Childhood & Personal Life
Jose Saramago was born as Jose se Sousa Saramago on November 16, 1922, in Azinhaga village, Ribatejo Province, Portugal, into a family of poor peasants, to Jose de Sousa and Maria de Piedade.
His family relocated to Lisbon in 1924, where his father found employment as a police officer. His illiterate grandparents introduced him to folklore and fantasy, whom he spent his holidays with.
Since his family continued to face economic hardships continuously, he was shifted from a grammar school to a technical school when he was 12.
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After completing his education, he took up various jobs, such as car mechanic, metalworker, translator, journalist, and assistant editor of a newspaper, before taking up writing full-time.
In 1947, he released his first novel, ‘Land of Sin’, which was originally titled ‘The Widow’ but changed by the publisher in the hope of making more business.
He went to write another novel ‘The Skylight’ but wasn’t published and penned a few pages of another one which was later canceled.
He became jobless in 1949 and found employment at a metal company. However, in late 1950, he took up the job of a production manager at a publishing company, ‘Estudios Cor’.
To further contribute to his family finances, he started translating in 1955, which he continued till 1981. Some of the popular writers he translated included Raymond Bayer, Jean Cassou, Tolstoi, Henri Focillon, and Par Lagerkvist.
For 19 years, he stayed away from writing and returned back to literature in 1966 by publishing his first collection of poems titled ‘The Possible Poems’.
In 1969, he became a member of Portugal’s Communist Party and remained associated with it for the rest of his life.
Subsequently, he released a series of works in the following years, namely, a poetry book ‘Probably Joy’ (1970) and two volumes of newspaper articles – ‘From this World and the Other’ (1971) and ‘The Traveller’s Baggage’ (1973).
He left ‘Estudios Cor’ in 1971 and joined the evening newspaper ‘Diario de Lisboa’ as an editor. After two years, he moved to morning daily ‘Diario de Noticias’ as a deputy director in 1974.
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In the wake of the Carnation Revolution of 1974, he was forced to leave the job, after which he switched to literature permanently. His two books – ‘The Year of 1993’ (1975) and ‘The Notes’ (1976) were inspired by this revolutionary process.
His 1980 novel ‘Raised from the Ground’ brought him into the limelight and got him recognition as a novelist. However, it was his 1982 novel ‘Baltasar and Blimunda’ that brought him international acclaim and catapulted his career.
He went to publish a number of successful works, such as ‘The Year of the Death of Ricardo Reis’ (1984), ‘The Stone Raft’ (1986), and ‘The History of the Siege of Lisbon’ (1989).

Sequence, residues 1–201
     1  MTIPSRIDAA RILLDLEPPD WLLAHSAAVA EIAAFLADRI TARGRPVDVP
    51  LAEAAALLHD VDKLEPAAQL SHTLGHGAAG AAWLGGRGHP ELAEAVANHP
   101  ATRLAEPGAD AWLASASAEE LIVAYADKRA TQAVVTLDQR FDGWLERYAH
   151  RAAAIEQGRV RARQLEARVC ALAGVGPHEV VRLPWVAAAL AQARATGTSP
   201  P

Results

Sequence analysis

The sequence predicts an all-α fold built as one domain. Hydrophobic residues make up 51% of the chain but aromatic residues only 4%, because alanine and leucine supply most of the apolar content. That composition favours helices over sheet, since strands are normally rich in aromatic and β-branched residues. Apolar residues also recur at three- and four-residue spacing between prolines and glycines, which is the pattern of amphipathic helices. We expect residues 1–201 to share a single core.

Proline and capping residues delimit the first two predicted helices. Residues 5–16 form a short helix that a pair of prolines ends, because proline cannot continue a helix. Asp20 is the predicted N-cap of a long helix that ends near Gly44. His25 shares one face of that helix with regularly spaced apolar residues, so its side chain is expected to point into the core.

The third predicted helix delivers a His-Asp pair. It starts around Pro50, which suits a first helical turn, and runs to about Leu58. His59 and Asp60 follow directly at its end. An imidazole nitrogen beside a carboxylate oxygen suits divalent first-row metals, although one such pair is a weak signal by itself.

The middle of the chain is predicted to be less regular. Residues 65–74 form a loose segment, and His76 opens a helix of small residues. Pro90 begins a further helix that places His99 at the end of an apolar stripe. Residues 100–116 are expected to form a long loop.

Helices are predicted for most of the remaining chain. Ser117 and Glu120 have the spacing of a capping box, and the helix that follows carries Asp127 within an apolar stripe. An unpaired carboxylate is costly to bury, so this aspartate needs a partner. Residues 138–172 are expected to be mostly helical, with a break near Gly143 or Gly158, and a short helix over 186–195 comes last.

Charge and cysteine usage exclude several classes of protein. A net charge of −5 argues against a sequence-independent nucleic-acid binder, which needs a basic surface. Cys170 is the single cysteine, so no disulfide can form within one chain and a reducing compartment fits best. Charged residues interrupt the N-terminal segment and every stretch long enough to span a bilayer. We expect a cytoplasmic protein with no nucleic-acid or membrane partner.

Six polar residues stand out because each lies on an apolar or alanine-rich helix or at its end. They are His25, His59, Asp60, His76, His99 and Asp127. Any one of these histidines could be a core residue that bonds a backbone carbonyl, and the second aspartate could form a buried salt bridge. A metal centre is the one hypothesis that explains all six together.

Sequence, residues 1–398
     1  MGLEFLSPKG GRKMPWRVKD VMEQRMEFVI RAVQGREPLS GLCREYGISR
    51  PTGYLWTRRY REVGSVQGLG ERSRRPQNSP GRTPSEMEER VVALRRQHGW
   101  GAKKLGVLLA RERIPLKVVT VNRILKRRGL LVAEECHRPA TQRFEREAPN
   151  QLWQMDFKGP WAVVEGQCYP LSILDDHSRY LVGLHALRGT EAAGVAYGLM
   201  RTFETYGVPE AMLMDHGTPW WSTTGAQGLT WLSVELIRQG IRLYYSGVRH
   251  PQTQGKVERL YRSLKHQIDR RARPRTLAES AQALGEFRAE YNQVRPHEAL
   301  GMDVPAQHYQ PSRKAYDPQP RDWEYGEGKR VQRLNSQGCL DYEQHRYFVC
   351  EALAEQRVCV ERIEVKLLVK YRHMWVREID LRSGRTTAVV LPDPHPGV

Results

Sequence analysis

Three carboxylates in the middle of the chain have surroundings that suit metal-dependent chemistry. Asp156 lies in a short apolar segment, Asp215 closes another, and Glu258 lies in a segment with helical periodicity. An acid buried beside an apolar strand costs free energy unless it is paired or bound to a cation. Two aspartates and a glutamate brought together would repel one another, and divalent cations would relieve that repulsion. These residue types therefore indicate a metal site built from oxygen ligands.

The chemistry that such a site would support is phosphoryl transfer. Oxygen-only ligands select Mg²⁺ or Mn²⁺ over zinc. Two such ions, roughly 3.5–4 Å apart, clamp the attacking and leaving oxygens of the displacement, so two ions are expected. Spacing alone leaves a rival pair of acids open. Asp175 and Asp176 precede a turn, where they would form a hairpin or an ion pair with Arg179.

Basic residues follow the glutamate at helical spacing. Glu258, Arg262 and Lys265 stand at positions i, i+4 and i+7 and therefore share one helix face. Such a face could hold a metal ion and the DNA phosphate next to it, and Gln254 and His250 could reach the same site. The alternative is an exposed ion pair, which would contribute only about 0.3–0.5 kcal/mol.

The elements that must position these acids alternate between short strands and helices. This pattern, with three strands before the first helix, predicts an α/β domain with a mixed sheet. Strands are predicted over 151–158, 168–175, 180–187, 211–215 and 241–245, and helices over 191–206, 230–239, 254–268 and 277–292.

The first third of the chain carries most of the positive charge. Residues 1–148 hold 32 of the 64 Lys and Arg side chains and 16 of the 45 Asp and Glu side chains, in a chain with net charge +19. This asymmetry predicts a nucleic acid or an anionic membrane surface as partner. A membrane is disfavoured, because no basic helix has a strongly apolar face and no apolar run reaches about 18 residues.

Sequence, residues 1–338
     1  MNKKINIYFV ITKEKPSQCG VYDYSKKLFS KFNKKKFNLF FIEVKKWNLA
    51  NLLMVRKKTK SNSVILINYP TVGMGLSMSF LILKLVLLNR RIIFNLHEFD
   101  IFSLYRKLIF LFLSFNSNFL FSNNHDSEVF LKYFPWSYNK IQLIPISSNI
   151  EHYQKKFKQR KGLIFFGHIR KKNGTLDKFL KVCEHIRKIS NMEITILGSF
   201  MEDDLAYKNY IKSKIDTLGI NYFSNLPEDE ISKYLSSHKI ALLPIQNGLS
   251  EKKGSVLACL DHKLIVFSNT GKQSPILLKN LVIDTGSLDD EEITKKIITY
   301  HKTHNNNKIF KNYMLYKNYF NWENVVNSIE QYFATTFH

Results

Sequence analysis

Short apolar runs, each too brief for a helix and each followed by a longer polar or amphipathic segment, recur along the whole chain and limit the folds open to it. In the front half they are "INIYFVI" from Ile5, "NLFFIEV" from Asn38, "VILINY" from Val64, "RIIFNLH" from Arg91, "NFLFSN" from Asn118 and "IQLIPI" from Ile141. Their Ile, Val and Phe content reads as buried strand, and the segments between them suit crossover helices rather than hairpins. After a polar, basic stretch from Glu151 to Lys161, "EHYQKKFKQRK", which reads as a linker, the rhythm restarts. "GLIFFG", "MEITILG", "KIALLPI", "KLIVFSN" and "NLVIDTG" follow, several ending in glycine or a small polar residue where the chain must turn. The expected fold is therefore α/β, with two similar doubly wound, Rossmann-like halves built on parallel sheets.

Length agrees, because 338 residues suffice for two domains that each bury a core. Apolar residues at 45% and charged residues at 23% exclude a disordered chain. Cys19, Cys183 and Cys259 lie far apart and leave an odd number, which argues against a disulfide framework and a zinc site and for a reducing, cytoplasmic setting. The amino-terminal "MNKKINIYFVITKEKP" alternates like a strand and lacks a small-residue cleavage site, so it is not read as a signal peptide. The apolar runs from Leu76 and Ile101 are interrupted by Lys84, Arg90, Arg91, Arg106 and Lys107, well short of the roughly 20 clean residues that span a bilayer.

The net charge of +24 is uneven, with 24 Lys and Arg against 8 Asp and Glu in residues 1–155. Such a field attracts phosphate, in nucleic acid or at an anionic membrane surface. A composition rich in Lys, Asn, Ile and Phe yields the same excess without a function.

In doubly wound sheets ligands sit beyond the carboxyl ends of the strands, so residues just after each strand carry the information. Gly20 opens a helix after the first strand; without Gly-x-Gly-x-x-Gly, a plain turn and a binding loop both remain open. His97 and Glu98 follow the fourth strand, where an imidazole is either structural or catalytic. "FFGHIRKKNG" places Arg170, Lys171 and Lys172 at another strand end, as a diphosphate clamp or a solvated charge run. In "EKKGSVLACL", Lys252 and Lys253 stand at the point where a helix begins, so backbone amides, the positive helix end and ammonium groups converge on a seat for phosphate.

In 1991, he published ‘The Gospel According to Jesus Christ’. However, the Portuguese conservative government banned its nomination for Aristeion Prize alleging that it offended the Catholic and Jewish communities.
Disappointed with the people’s response to his ‘The Gospel’, he left Lisbon and moved to Lanzarote, an island in the Canary Islands, Spain, into self-imposed symbolic exile with his wife.
Some of his other popular works were ‘Blindness’ (1995), ‘All the Names’ (1997), ‘The Double’ (2002), ‘Death with Interruptions’ (2005), ‘The Elephant’s Journey’ (2008), and ‘Cain’ (2009).
He established the European Writers’ Parliament (EWP), along with fellow Nobel laureate Orhan Pamuk. However, he died before attending its opening ceremony in 2010.
Awards & Achievements
His novel ‘Raised from the Ground’ was awarded with the ‘City of Lisbon Prize’.
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He won the Portuguese PEN Club Award for his novel ‘Baltasar and Blimunda’.
His novel ‘The Year of the Death of Ricardo Reis’ was honored with the Britain’s Independent Foreign Fiction Prize.
He received the Camoes Prize in 1995.
In 1998, he became the first ever Portuguese language writer to be honored with the prestigious Nobel Prize for Literature.
His ‘The Elephant’s Journey’ was shortlisted for Sao Paulo Prize for Literature under the ‘Best Book of the Year’ category, in 2009.
Personal Life & Legacy
In 1944, he married Ilda Reis, a typist with the Railway Company, with whom he had a daughter – Violante dos Reis Saramago in 1947. The relationship, however, broke after 26 years in 1970.
He met Pilar del Rio, a Spanish journalist, in 1986, and married her in 1988. Currently, she is responsible for translating his books into Spanish.
In order to inspire young budding writers, the biennial Premio Literario Jose Saramago (or Jose Saramago Literary Prize) was started in 1999.
He died on June 18, 2010, after suffering from leukemia, at the age of 87. His funeral was held in downtown Lisbon on June 20 and after two days of national mourning, his body was cremated at Alto de Sao Joao cemetery.
Half of his ashes were taken to his native village, Azinhaga, while the other half was placed under an olive tree at his home in Lanzarote, where he spent the last years of his life.
His novel ‘The Skylight’, written in the late 1940s, was published posthumously in 2012.